Read the full story in the New York Times.
Robert C. Seamans, the man President Gerald Ford had entrusted to deal with the energy crisis of the 1970s, didn’t think wind power had much of a future. In 1975, at the dedication of an experimental turbine in Ohio, Seamans opined that wind would never account for more than 1 percent of the U.S. energy supply.
Solar power, on the other hand, was one of Seamans’ great hopes for energy independence. It had been two long years since the OPEC oil embargo, and gas prices were still high. Six months into his term as president, Ford formed Seamans’ agency — the Energy Research and Development Administration — to galvanize homegrown fuel industries and end reliance on foreign oil.
The same year that Seamans scoffed at wind energy, his agency issued a report asserting that the sun’s “virtually inexhaustible potential supply of energy” could represent a quarter of the nation’s energy use by 2020.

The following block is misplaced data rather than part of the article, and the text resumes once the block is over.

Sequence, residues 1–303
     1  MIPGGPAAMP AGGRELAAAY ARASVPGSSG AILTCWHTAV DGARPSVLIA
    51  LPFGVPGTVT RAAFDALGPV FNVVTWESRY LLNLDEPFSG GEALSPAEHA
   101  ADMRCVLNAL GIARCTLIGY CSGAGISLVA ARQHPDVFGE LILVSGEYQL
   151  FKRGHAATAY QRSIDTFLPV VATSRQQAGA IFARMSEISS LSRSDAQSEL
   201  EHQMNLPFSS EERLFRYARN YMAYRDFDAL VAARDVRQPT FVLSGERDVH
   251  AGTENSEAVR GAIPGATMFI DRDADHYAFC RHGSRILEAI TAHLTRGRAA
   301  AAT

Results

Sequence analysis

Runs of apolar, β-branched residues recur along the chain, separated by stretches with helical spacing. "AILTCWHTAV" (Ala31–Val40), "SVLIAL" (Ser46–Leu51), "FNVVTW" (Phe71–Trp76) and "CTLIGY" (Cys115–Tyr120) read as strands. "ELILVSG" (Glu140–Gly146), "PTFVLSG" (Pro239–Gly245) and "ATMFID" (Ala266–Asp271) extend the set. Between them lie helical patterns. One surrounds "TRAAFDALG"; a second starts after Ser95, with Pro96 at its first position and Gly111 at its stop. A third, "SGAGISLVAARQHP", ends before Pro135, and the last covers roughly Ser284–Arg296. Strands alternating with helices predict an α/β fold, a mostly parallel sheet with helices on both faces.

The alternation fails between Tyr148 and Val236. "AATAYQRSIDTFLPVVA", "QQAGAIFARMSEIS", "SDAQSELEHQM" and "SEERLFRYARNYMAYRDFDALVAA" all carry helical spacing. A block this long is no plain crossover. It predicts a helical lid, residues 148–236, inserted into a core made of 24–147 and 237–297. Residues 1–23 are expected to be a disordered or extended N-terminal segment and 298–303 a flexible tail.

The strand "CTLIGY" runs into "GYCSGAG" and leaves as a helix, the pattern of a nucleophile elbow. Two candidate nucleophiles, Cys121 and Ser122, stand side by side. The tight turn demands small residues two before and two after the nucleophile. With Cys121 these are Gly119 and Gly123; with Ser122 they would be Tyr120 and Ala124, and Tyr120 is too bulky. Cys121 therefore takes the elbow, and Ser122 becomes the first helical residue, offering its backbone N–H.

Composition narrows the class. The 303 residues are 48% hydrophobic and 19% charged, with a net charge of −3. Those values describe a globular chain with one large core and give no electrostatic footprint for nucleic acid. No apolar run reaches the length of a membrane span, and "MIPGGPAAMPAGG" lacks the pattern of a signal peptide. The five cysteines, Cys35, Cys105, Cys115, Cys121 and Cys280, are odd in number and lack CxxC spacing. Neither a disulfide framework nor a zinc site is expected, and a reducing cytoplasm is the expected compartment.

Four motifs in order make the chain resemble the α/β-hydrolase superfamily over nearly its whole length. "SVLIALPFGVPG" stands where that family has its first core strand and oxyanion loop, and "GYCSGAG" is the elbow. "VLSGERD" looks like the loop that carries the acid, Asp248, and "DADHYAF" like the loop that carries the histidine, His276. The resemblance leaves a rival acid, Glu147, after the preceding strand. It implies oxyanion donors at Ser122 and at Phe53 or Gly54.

Nearly 50 years later, wind and solar farms have sprouted across the country — but solar power accounted for less than 3 percent of American electricity last year, while wind made up around 8 percent. President Biden is aiming to run the U.S. energy grid entirely on clean energy within 15 years, and he has set a goal of cutting the cost of solar energy by 60 percent over the next decade. To hit these targets, policymakers might do well to explore why Seamans’ predictions were essentially upside down.